Re: Big Deal with returning int

Discussion in 'C++' started by Jonathan Clements, Jun 29, 2003.

  1. So, what's the difference between

    int main()
    {
    /* whatever */
    return(0); // we've done okay
    }

    and

    void main()
    {
    /* whatever */
    exit(EXIT_SUCCESS); // we've done okay
    }

    I'm probably missing something major here, if so, please forgive me.

    Jon.

    "Samuele Armondi" <> wrote in message
    news:3eff03b9$...
    >
    > "Min" <> wrote in message
    > news:VgvLa.341602$...
    > > I have seen so many pointing out "main" should explicitly return "int".
    > > Beside, the language spec or committee, or some guru said so, what is a

    > BIG
    > > deal with it ? What difference does it make if "void main" rather than

    > "int
    > > main" ? It is not that some obscure code that people can't understand
    > > easily. Anyway, would someone explain why ;? not just it is better to
    > > return explicitly.
    > >
    > > Or How is it possibly cause the problem ?
    > >
    > > PS: I am saying this because most of C++ books I found, uses "void

    main".
    > > If they can't get this fundamental thing right, I guess, I have been

    > reading
    > > all the garbage from them.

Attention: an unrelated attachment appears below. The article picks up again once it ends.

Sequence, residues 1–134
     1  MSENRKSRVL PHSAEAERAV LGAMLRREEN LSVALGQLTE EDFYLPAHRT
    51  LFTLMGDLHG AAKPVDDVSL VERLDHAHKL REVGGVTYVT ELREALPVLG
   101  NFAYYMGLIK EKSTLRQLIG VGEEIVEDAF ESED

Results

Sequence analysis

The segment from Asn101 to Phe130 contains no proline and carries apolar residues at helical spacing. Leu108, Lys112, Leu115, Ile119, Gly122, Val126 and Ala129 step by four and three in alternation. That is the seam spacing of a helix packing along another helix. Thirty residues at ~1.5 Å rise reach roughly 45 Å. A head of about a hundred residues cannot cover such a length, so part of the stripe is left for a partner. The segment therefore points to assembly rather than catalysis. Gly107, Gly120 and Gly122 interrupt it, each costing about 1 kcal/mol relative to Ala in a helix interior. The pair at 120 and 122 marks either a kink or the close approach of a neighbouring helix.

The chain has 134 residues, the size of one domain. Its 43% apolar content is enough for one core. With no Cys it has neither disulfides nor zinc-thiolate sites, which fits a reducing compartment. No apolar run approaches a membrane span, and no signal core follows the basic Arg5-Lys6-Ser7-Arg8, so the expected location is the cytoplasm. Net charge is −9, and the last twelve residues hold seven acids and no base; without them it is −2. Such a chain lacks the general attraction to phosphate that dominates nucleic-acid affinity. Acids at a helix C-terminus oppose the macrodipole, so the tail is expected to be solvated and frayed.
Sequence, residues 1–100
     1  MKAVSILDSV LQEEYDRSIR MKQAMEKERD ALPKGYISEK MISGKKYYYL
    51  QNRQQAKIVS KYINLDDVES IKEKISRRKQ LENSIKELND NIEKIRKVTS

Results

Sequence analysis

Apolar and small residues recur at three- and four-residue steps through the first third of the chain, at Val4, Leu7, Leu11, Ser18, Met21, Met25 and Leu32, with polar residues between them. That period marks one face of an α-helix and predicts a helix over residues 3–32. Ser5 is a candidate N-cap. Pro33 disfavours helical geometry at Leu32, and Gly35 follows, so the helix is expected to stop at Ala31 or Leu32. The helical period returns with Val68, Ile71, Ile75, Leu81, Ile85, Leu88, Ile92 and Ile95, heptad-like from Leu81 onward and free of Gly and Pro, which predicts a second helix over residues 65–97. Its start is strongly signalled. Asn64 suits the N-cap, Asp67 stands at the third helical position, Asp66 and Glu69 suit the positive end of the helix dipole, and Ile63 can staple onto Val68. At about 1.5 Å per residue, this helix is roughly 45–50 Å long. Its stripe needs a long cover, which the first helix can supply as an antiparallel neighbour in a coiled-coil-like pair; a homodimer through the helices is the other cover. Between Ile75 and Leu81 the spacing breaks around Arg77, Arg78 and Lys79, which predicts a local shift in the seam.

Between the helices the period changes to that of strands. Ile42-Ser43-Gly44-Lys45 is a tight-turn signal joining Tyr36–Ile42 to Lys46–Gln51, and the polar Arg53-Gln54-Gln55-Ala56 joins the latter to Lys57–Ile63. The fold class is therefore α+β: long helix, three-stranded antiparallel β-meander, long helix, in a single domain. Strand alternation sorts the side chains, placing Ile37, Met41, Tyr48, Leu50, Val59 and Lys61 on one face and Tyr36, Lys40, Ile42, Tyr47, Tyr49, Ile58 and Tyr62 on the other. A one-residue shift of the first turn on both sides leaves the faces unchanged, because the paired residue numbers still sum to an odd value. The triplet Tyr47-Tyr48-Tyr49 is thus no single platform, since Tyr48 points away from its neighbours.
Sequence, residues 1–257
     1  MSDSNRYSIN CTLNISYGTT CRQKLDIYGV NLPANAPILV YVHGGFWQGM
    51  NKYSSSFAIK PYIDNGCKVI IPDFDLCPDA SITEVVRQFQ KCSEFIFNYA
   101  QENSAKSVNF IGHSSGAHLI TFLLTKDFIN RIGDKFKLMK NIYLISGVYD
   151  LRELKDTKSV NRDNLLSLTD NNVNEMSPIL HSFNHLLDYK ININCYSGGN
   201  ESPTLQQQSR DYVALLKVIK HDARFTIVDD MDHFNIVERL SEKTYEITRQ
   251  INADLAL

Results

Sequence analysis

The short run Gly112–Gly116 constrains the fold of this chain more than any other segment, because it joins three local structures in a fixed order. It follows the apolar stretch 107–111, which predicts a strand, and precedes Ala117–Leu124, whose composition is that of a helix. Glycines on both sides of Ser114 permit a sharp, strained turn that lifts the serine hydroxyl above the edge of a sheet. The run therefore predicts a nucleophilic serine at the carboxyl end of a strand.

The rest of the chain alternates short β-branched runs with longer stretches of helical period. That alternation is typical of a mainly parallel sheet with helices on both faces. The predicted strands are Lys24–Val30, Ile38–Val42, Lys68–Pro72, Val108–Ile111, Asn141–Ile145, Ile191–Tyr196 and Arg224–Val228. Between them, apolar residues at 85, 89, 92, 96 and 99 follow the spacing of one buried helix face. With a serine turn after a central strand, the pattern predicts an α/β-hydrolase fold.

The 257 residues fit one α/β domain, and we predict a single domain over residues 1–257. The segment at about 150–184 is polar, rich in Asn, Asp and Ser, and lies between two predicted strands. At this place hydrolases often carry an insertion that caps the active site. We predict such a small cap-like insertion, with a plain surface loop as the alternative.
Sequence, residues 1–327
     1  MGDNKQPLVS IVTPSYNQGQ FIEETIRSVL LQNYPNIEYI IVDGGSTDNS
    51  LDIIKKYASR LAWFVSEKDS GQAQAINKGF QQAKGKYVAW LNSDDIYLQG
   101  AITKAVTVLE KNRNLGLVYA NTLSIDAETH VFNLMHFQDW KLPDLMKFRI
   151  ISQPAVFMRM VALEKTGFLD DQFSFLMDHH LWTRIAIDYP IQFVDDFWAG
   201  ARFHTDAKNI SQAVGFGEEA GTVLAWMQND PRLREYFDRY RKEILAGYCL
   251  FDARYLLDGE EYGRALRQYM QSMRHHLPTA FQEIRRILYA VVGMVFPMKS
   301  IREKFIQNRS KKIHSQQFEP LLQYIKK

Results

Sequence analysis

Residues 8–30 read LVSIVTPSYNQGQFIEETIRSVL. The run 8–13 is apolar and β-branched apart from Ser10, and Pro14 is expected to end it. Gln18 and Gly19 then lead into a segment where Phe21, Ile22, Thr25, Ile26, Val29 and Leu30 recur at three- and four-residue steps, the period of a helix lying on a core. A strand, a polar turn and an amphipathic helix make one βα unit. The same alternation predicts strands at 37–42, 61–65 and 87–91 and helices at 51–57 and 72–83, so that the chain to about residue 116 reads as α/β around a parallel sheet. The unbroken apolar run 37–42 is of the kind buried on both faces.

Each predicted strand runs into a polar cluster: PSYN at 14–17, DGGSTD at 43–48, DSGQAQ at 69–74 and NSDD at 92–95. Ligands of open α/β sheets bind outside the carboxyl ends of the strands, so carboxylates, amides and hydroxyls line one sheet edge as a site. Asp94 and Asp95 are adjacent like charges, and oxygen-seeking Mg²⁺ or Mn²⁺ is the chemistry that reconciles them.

> >
    > >

    > main () needs to return an int to the operating system to let it know if

    it
    > was successful or not. Otherwise why did people use exit(-1) to indicate

    an
    > error? And taking MS-DOS as an example, have you ever seen things like "if
    > errorlevel 1" in batch files? If main does not return a value indicating
    > whether it was successful or not, how can the operating system correctly

    set
    > the errorlevel variable? The same argument applies to other operating
    > systems. Obviously, most compilers will be smart enough to substitute int
    > main() for void main() and add a return 0; to the end of it, but it

    defeats
    > the purpose of returning a value at all, does it not?
    > S. Armondi
    >
    >
    Jonathan Clements, Jun 29, 2003
    #1
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  2. Not at all Ralf...

    I'm just asking what the difference is between exit(EXIT_SUCCESS); and
    return(0);

    Yours Sincerely,

    Jon.

    "Rolf Magnus" <> wrote in message
    news:bdngch$4jn$00$-online.com...
    > Jonathan Clements wrote:
    >
    > > So, what's the difference between
    > >
    > > int main()
    > > {
    > > /* whatever */
    > > return(0); // we've done okay
    > > }
    > >
    > > and
    > >
    > > void main()
    > > {
    > > /* whatever */
    > > exit(EXIT_SUCCESS); // we've done okay
    > > }
    > >
    > > I'm probably missing something major here, if so, please forgive me.

    >
    > So you suggest that C++ adds a rule that you _must_ call exit() from
    > main? If not, what would happen if you don't?
    >
    Jonathan Clements, Jun 29, 2003
    #2
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  3. Jonathan Clements

    Rolf Magnus Guest

    Don't top-post. Rearranged.

    Jonathan Clements wrote: